Notice of Allowance

Lia Kopin-Green
September 22, 2022

What is a Notice of Allowance?

In intellectual property law, a notice of allowance is a document sent by the United States Patent and Trademark Office (USPTO) to an applicant after their patent or trademark is approved.

Key Takeaways

  • A notice of allowance is a document sent by the USPTO after the application of a patent or trademark is approved.
  • Receival of a notice of allowance does not mean the patent or mark is registered yet.
  • In order to obtain a patent, filing fees must be paid within three months of receiving a patent notice of allowance.
  • Usually, a Statement of Use must be filed within six months of the notice of allowance date.

Notice of Allowance for Patents

It should be noted that notices of allowance are most commonly issued in reference to patent approvals. This is considered the final step before a patent can be issued. Once the notice is sent, the applicant has three months to pay a fee for the patent. If the patent fee is not made within the three-month period, the application will be considered abandoned.

Nevertheless, once the fee is paid, the official patent grant is mailed to the owner or the inventor’s attorney or agent on record. As soon as the patent grant is issued, the patent file becomes public.

There are three main components to a patent notice of allowance:

  • A header that includes information about the inventor and invention as well as the patent case number.
  • Section B, which identifies the fees due. Section B must be filled out and returned to the USPTO within the required amount of time, which is typically three months.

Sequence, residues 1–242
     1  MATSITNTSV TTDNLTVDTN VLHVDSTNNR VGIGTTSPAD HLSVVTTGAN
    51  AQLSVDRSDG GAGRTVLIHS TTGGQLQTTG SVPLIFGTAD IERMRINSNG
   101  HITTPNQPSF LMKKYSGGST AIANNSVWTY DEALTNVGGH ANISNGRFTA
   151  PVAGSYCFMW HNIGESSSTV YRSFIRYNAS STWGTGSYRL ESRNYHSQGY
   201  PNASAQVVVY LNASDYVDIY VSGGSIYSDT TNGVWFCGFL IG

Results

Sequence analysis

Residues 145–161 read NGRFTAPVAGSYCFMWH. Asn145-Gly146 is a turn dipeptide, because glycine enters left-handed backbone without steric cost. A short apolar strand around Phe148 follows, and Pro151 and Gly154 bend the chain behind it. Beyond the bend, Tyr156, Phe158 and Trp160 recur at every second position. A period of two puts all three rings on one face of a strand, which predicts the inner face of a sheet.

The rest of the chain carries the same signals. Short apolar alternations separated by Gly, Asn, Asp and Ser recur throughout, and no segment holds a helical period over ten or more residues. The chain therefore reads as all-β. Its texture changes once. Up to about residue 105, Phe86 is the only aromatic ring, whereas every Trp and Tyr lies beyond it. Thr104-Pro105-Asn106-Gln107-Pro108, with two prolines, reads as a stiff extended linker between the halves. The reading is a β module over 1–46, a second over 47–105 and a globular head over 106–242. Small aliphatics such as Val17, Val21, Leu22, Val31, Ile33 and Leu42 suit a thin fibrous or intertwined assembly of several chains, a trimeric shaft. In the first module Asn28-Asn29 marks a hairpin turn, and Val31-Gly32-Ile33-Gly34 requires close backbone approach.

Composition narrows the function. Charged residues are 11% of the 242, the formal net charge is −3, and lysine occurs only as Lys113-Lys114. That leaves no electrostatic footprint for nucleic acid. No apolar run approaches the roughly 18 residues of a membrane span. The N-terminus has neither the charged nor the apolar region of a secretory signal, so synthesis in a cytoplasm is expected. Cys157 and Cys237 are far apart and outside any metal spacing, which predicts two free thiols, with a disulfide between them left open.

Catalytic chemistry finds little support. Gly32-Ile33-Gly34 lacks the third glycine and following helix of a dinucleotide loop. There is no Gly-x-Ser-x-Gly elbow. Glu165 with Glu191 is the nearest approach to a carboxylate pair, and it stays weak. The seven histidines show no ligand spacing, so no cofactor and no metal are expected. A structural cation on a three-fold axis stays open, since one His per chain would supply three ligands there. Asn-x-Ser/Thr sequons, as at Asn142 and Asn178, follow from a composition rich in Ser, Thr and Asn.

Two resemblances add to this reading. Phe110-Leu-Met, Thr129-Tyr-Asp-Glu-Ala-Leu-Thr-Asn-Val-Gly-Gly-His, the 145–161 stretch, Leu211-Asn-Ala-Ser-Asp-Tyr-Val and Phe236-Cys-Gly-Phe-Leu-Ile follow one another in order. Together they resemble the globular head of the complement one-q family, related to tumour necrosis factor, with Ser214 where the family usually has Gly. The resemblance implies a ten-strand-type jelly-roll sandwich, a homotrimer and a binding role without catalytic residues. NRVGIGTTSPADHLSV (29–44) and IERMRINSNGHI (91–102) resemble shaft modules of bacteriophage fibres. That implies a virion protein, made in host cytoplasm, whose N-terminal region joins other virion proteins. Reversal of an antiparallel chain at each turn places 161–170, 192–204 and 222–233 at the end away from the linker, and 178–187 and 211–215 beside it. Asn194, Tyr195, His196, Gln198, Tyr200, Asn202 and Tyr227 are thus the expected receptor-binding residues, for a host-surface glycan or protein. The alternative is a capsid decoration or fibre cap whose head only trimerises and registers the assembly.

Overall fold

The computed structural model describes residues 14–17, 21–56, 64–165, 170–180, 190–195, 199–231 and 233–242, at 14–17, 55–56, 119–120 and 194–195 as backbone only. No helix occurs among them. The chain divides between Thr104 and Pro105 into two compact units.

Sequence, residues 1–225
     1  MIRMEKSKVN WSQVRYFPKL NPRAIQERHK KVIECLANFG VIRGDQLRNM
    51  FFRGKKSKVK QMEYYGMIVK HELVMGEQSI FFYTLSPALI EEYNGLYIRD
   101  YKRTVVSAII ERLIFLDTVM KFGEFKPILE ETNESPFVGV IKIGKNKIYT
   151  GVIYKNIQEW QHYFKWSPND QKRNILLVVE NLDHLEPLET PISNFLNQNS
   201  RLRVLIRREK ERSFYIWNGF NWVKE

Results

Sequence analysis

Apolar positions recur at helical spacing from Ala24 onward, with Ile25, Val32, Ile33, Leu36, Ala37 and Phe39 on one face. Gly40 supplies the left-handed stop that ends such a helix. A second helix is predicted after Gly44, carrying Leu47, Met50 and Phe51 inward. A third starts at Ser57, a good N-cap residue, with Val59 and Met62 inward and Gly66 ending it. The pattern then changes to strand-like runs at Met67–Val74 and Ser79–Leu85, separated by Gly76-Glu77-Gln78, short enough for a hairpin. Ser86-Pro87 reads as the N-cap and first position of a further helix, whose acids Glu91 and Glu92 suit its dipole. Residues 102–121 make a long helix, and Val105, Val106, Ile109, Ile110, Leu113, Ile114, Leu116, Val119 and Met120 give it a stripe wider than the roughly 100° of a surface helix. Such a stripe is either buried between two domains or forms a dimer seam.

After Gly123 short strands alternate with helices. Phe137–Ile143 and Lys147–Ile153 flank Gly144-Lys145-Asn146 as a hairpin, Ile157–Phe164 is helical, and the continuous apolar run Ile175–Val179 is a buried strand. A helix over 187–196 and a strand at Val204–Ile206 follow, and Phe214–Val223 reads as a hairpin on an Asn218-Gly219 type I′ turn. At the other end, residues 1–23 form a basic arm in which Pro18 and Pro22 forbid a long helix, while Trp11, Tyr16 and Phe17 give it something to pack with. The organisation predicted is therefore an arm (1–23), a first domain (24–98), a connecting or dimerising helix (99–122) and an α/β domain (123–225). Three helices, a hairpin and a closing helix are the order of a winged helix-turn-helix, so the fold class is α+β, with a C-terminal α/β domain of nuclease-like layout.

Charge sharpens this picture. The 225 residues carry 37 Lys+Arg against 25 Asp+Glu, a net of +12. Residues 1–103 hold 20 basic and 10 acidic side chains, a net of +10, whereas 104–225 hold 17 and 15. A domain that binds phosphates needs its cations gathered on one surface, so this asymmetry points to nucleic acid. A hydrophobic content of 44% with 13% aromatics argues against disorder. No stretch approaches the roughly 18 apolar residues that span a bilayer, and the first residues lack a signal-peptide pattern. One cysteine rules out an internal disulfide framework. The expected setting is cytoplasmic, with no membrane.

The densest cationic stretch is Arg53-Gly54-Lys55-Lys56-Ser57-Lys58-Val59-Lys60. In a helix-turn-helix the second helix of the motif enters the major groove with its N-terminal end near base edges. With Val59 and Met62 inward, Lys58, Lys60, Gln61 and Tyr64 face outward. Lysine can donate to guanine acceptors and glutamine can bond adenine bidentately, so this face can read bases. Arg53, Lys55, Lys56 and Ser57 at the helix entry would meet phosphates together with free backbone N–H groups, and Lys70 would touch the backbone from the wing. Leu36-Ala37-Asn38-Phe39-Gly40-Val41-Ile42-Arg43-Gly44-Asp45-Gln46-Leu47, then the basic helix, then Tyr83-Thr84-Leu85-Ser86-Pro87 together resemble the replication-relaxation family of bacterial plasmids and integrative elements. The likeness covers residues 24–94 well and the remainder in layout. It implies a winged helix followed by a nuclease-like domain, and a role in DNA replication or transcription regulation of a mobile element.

• A series of notes that may include information about the due date for the fee or any additional documents or fees.

Notice of Allowance for Trademarks

Notices of allowance work slightly differently when it comes to trademarks. In trademark law, receiving a notice of allowance means that:

  • The USPTO approved the trademark application
  • The application was published for opposition on the Official Gazette
  • A third party did not come forward to prevent the registration of the trademark

Generally, the Statement of Use must be filed within six months of the date of the notice of allowance. However, the statement can only be filed if the trademark is in use in commerce at the time. If the trademark is still not in use after the six month period lapses, you can file a Request for an Extension of Time which typically grants another six months to use.

Bottom Line

In the process of applying for a patent or trademark, receiving a notice of allowance is a significant milestone. If you’ve received a notice of allowance and need guidance regarding your next steps, reach out to an Attorney At Law intellectual property lawyer immediately. These documents require legal attention as soon as possible as fee deadlines tend to approach quickly.

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